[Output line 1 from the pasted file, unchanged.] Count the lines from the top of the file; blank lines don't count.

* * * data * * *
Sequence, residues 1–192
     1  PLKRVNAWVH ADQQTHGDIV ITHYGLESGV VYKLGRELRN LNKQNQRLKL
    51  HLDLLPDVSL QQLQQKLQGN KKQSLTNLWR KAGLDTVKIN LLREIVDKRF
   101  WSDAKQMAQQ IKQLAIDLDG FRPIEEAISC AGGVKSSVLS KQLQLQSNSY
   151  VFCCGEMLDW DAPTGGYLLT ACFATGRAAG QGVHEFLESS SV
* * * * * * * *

Sequence, residues 1–192